Lionsgate CEO Jon Feltheimer said Thursday that the company is planning to unveil its plans for Starz by the late summer and close a deal by next spring as the process to monetize the premium channel and streamer moves forward.
He also hinted that more M&A could be in store for both Lionsgate and Starz if the two companies were separate.
“We are targeting an announcement of our plan by the end of the summer and expect a transaction could close as early as our fiscal fourth quarter,” the chief executive said on a conference call today to discuss the company’s latest earnings. Lionsgate’s fiscal year ends in March.
Feltheimer said the company is engaged in conversations with bankers and “a number of potential strategic partners.”
Canal+, a division of French conglomerate Vivendi, has been in the mix as potential suitor, as have Roku and Apollo Global management bidding jointly for a minority stake. DirecTV is also interested.
Lionsgate acquired Starz for $4.4 billion in 2016. It announced last fall it was exploring strategic options for the cable network and streamer that has been growing fast in streaming under Jeff Hirsch but failed to provide a bump for its parent, which calculated that selling all or a part of the asset could unlock value.
The company exceeded analysts’ consensus in streaming last quarter, adding subs to reach a total of 35.8 million. The bulk is Starz — up 47% year on year — with 12.8 million from the StarzPlay International consortium, up by almost double that.
“Although streaming is not an end in itself, it is a very efficient way to bring content to our customers worldwide,” Feltheimer said.
Asked during a Q&A to clarify plans for Starz, he affirmed that the plan is for Starz to be separated from Lionsgate, which will retain a stake, barring anything unforeseen.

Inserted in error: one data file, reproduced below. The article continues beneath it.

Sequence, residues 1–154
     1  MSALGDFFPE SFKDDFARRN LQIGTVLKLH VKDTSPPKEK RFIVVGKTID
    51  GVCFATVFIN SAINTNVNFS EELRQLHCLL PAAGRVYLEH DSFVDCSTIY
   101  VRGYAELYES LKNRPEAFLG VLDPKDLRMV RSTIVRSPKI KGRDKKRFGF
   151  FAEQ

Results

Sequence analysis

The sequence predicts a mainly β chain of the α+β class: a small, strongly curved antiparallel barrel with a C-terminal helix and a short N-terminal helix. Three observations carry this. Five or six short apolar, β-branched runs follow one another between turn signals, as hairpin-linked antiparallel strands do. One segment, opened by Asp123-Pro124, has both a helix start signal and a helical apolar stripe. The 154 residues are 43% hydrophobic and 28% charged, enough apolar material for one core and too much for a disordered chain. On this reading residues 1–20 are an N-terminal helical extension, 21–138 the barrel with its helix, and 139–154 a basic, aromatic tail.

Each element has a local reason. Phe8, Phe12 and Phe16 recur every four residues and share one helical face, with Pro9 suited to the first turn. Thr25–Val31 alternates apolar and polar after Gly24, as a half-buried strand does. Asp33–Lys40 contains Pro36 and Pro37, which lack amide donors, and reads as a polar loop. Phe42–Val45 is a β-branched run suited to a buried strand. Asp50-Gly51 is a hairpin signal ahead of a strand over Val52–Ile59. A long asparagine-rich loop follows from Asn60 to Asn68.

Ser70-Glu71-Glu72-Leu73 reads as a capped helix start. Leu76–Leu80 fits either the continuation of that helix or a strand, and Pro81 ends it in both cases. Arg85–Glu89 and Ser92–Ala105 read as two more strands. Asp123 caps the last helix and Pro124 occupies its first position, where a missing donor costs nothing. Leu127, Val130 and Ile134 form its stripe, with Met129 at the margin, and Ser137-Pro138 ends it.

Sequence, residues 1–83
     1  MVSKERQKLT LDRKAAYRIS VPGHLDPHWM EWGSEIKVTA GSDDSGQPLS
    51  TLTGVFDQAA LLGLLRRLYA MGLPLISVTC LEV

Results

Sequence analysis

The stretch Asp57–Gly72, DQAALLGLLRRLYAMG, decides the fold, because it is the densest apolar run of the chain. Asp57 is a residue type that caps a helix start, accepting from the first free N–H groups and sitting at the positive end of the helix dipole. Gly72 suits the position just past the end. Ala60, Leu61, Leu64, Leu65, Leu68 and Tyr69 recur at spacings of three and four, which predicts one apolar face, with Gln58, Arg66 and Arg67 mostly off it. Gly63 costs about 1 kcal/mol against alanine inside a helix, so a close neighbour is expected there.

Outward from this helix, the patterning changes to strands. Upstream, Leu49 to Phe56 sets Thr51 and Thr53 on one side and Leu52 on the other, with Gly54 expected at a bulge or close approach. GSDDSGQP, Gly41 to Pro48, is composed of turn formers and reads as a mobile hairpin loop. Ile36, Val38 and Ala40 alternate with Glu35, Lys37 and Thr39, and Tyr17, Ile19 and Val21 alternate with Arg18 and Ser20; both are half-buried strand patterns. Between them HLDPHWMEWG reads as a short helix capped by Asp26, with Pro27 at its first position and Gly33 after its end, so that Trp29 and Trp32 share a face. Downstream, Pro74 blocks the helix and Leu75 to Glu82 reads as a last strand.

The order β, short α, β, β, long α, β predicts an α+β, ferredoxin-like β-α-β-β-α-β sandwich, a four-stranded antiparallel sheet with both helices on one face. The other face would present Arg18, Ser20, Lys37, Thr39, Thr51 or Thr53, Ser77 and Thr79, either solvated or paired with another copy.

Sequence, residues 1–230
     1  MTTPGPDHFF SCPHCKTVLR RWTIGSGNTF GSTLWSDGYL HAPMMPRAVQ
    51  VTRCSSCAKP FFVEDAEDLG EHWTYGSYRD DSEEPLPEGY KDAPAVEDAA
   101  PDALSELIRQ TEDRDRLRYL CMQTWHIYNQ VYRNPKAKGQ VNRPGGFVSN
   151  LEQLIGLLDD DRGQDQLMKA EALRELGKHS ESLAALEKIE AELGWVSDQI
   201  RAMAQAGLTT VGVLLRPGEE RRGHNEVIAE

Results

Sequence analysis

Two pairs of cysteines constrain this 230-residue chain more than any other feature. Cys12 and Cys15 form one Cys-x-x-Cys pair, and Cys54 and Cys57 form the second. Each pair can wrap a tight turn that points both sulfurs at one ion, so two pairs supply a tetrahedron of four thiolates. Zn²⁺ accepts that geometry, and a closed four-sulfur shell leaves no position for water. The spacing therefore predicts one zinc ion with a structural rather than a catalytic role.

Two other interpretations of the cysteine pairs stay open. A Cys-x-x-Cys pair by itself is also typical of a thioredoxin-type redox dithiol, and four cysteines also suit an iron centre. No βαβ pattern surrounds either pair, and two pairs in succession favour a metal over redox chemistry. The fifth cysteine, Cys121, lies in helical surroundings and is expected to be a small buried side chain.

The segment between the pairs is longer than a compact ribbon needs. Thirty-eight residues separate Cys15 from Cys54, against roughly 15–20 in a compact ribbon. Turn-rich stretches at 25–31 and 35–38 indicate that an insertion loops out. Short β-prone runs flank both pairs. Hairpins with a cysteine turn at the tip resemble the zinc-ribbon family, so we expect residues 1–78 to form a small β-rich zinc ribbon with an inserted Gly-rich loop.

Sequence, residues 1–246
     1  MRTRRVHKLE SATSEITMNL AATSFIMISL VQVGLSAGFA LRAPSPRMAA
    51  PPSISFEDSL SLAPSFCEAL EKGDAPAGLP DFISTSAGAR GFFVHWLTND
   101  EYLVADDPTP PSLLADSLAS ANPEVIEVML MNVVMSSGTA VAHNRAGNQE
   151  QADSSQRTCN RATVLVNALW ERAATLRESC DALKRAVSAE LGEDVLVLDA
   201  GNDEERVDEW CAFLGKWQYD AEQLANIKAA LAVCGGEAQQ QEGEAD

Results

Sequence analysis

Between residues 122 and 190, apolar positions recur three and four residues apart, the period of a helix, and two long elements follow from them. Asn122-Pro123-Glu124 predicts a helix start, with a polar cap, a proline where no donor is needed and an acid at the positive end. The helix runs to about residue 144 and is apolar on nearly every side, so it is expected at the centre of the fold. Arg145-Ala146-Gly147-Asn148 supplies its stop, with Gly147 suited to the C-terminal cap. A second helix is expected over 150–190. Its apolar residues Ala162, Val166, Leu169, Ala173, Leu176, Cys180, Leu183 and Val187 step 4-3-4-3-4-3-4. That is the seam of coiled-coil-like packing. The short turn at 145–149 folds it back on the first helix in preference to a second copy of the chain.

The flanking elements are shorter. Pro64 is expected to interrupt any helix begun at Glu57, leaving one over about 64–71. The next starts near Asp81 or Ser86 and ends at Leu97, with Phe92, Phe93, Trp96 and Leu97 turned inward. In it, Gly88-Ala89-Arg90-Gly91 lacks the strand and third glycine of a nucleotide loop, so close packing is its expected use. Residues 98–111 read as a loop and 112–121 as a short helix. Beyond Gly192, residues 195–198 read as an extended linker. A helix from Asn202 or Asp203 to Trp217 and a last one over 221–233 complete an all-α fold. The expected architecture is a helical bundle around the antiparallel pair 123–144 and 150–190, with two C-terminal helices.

“The main impetus for the separation is that we don’t feel that the Street is giving us the value for the sum of the parts. We feel like with the companies separated they can both concentrate on their core businesses, and my sense is they will both see some opportunities, some strategic opportunities, that they might not see while the companies are combined.”
“But honestly, anything could happen and that’s why we are not giving you more details right now,” he said.
Lionsgate stock has taken a beating in a volatile market that’s been a bit down on streaming lately. It fell 3.7% during today’s session but popped higher — by 4% – in late trading. The quarterly number and call came after market close. At about $11, the shares are still well off their $52-week high of $21.
Feltheimer acknowledged that “this kind of environment puts kind of damper on virtually everything. It’s hard to see our stock getting hit when we are having such a … huge value-creation year.” He emphasized that Starz is not chasing bigger streaming rivals but remaining a niche, ad-free service to be “layered” on top of them.
“I don’t think the Street is recognizing this. I hope potential partners do,” he said.
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